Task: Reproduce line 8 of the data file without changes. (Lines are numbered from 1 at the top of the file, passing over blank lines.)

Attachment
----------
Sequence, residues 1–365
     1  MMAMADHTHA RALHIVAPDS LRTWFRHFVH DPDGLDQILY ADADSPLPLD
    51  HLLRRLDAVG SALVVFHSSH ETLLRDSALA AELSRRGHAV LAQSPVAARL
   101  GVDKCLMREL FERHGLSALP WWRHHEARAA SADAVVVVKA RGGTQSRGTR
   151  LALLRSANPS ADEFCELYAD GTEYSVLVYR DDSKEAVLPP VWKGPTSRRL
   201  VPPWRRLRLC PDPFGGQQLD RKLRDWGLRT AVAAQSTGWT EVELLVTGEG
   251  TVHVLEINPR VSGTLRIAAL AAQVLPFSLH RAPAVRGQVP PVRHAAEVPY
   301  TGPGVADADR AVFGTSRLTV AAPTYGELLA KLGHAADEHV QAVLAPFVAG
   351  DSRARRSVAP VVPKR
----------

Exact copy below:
   301  TGPGVADADR AVFGTSRLTV AAPTYGELLA KLGHAADEHV QAVLAPFVAG